Samantha Agtarap won a seat on Port Moody city council in the 2022 civic election. By Submitted


Kyla Knowles

  • What is your No. 1 issue and why? 

"Development is of primary concern to residents, and I get it. The traffic, the noise, the fear of losing our small town charm. But we need to build homes, including purpose-built rentals, homes for downsizing seniors, homes for kids leaving the nest who want to stay close to home, and homes for people all along the income spectrum. The last four years introduced significant challenges to our working relationships with other municipalities and regional organizations. Managing the challenges of development will require robust cooperation with Metro Vancouver to address common goals and problems like traffic, transportation, healthcare, and climate change."


Haven Lurbiecki

  • What is your No. 1 issue and why? 

"Our next council will determine the future of growth in our city. Development approved over the last few years alone will bring Port Moody’s population close to 50,000 residents — the maximum growth level we had set for 2041. With another 24 high-end condo towers being proposed near Rocky Point Park we are now at risk of over-development — growing too big and building the wrong type of housing for our community. My top priority is to complete our new Official Community Plan, focusing on quality of life as guided by residents, and when we have our plan, stick to it."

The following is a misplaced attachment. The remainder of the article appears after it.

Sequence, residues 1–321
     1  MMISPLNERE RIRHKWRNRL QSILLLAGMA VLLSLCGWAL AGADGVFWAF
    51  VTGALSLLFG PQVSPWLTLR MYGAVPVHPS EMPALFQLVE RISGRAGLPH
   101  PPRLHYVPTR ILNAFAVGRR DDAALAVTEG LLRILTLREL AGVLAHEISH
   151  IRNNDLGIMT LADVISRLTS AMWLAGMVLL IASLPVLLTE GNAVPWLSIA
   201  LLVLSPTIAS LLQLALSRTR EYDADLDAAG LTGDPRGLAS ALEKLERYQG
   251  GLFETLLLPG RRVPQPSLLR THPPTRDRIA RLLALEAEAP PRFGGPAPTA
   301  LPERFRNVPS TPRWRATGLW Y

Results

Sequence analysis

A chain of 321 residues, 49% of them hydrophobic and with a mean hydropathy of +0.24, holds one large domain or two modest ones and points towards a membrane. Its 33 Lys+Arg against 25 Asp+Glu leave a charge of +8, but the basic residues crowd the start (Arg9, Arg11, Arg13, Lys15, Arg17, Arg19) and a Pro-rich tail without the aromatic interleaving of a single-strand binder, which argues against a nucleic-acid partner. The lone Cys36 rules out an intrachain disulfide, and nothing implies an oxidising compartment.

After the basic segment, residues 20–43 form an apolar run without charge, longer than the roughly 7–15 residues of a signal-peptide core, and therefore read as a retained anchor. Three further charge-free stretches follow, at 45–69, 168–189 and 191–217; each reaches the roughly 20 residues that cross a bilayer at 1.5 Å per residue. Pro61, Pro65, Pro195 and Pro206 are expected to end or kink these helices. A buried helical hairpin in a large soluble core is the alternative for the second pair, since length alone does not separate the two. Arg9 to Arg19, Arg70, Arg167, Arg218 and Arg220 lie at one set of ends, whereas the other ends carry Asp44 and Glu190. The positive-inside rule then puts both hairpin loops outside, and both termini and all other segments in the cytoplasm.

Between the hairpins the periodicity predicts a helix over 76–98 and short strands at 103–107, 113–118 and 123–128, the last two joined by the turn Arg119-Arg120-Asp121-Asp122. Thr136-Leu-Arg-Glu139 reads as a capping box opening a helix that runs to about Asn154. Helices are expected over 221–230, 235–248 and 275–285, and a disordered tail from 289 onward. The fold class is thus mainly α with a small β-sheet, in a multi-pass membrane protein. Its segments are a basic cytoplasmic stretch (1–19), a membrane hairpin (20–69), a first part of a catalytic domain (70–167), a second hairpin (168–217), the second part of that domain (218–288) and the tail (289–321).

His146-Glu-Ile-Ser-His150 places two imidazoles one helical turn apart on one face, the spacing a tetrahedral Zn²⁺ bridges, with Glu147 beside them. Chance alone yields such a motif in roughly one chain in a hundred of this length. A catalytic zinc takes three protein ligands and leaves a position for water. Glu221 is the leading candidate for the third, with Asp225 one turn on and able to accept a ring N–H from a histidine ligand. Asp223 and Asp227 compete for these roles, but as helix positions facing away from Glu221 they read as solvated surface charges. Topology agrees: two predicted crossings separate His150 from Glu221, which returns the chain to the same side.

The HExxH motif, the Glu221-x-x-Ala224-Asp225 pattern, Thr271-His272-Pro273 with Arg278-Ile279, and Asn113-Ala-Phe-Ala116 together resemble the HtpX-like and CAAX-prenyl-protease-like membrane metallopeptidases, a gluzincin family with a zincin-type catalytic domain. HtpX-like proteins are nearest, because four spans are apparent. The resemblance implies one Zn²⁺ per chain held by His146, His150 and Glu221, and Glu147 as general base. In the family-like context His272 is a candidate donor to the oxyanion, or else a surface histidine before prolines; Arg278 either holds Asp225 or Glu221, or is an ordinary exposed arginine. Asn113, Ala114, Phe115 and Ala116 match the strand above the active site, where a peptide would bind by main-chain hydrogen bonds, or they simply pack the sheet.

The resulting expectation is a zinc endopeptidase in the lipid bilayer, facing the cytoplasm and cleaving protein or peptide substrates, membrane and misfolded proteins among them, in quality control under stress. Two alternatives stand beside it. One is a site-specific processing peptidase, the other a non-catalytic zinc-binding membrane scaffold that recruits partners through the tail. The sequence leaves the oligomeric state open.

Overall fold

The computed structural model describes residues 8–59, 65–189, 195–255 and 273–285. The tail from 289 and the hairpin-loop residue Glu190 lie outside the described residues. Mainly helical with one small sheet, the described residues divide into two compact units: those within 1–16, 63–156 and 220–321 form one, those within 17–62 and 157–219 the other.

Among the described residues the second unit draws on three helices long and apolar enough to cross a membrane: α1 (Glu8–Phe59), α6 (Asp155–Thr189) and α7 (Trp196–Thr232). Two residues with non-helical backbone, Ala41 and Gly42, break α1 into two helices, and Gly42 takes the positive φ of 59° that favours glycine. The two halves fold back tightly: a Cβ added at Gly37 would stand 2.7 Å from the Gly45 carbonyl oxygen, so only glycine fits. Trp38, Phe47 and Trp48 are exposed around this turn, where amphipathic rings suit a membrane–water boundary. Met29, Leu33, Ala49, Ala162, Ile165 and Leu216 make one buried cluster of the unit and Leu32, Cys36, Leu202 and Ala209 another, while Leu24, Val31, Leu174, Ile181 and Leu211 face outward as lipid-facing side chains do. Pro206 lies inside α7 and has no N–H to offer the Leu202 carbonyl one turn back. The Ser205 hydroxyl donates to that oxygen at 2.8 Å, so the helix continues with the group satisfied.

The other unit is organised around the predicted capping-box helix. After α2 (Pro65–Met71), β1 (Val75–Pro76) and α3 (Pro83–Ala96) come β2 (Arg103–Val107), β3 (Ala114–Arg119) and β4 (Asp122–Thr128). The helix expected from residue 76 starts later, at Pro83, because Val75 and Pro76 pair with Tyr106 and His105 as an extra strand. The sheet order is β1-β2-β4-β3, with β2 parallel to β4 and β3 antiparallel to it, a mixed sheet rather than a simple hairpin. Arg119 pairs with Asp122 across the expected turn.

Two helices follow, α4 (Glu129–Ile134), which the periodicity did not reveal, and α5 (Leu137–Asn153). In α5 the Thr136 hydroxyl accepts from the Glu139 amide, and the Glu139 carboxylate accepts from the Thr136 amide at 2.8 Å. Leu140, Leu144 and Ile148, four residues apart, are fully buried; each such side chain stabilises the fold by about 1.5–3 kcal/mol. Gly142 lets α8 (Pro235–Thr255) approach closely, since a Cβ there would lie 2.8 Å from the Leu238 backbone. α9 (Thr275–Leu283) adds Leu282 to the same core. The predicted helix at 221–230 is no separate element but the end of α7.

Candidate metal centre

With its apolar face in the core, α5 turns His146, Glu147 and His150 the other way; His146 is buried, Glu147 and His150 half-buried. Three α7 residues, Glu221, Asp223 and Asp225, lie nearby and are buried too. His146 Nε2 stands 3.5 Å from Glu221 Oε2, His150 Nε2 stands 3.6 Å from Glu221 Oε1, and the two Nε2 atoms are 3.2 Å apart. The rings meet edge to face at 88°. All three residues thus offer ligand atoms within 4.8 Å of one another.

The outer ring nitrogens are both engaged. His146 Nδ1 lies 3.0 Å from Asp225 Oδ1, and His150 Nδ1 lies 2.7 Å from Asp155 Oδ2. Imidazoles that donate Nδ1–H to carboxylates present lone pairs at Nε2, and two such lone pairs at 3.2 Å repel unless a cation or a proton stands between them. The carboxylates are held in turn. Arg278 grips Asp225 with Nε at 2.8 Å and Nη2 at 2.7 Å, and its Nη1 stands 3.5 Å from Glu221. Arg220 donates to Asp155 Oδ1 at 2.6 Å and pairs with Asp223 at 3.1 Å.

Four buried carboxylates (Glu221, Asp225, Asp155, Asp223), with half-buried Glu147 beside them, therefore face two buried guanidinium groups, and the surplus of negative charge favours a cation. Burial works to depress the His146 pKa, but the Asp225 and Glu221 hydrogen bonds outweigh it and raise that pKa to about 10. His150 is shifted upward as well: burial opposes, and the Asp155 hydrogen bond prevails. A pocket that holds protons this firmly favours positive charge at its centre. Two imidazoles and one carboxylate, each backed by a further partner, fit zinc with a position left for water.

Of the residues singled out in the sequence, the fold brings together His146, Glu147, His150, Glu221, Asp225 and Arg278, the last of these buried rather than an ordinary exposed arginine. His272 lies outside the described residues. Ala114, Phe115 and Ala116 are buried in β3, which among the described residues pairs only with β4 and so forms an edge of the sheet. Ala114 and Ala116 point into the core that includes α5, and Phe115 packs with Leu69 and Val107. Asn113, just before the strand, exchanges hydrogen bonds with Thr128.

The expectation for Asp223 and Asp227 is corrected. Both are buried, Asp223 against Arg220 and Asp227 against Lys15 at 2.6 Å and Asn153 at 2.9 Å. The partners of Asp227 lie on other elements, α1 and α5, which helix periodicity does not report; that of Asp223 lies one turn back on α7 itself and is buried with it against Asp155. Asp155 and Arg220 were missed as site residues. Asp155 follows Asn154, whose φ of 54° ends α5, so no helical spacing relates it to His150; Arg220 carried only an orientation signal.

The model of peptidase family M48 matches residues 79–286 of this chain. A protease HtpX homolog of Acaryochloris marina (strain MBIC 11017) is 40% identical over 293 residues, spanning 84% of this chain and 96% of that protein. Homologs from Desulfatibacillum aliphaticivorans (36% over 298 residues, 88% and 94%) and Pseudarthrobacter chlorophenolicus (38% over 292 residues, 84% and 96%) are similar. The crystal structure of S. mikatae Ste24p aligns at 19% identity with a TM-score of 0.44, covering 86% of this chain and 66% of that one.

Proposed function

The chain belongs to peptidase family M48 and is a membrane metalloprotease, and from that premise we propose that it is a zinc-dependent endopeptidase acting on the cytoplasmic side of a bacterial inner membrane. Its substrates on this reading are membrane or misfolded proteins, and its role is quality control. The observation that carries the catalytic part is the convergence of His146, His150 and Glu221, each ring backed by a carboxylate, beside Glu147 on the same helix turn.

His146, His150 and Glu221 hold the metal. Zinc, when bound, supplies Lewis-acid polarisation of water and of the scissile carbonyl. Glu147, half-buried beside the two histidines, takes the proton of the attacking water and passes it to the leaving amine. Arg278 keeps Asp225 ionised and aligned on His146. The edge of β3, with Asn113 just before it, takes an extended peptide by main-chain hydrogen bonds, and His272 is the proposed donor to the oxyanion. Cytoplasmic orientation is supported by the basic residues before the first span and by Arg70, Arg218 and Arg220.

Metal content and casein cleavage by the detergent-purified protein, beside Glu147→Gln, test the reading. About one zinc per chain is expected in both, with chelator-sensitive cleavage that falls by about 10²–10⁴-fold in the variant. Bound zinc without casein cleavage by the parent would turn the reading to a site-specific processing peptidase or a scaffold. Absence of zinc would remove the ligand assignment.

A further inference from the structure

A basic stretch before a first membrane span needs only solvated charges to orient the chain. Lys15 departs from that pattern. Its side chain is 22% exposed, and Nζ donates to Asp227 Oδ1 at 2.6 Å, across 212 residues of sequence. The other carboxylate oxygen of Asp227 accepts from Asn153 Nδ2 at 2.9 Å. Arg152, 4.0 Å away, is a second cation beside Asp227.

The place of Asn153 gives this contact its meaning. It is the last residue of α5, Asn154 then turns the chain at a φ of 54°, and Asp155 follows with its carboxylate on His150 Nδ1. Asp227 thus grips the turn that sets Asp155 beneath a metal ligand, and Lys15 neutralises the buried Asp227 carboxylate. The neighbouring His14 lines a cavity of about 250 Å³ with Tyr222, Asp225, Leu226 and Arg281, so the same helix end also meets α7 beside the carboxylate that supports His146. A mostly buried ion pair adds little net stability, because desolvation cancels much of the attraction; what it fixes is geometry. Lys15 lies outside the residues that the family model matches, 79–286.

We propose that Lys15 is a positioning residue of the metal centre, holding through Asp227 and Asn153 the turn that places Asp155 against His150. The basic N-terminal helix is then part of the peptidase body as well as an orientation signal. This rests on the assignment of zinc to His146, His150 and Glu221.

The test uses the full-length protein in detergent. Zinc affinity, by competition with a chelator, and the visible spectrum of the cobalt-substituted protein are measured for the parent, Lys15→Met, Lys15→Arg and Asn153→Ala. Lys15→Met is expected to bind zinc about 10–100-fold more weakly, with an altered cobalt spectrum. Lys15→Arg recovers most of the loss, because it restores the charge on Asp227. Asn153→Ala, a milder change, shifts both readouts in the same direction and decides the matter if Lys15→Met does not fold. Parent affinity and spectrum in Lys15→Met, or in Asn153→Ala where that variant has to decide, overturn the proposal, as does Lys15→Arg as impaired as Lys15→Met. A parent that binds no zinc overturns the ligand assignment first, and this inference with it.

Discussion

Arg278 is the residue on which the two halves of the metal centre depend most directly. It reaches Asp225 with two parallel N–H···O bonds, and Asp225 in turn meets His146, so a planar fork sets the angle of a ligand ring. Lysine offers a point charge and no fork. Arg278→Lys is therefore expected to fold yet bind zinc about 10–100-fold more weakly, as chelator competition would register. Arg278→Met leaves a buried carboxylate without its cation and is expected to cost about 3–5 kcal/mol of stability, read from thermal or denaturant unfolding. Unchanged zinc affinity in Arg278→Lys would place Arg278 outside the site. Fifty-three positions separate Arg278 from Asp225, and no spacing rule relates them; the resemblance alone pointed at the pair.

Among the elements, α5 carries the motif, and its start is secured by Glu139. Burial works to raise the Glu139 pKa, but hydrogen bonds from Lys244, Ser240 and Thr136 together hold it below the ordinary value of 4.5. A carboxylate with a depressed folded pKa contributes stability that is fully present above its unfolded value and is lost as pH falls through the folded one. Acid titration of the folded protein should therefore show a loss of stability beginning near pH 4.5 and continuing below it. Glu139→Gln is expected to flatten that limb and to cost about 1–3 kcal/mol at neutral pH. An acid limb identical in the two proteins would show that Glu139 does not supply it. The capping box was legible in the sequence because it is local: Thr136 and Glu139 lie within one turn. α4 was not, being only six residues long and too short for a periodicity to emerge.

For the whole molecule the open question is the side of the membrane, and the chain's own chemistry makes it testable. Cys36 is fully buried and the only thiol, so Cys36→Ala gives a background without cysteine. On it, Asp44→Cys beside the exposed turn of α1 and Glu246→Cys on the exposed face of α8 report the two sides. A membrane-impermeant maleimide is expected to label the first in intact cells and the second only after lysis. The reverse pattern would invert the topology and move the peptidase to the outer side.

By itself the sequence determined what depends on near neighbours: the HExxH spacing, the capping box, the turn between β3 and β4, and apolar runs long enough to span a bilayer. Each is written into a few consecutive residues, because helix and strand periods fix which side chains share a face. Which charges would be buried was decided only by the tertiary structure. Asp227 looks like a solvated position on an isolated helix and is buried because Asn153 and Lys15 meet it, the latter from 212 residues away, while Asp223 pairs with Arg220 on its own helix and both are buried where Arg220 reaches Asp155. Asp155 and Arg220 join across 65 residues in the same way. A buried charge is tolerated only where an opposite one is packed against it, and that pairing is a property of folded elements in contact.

David Stuart

  • What is your No. 1 issue and why? 

"The issues facing municipalities cannot be reduced to “one issue.”  Development pace and density, housing affordability, transportation, urban parks capacity, local employment, financial sustainability and climate action are all important, complex and interconnected. If I was to reduce it to one issue, it would be maintaining and improving quality of life for current and future residents in Port Moody. The Official Community Plan can spell out the community’s vision for dealing with these issues and therefore I want to make sure that the current process of completing the review of our OCP is our number one priority."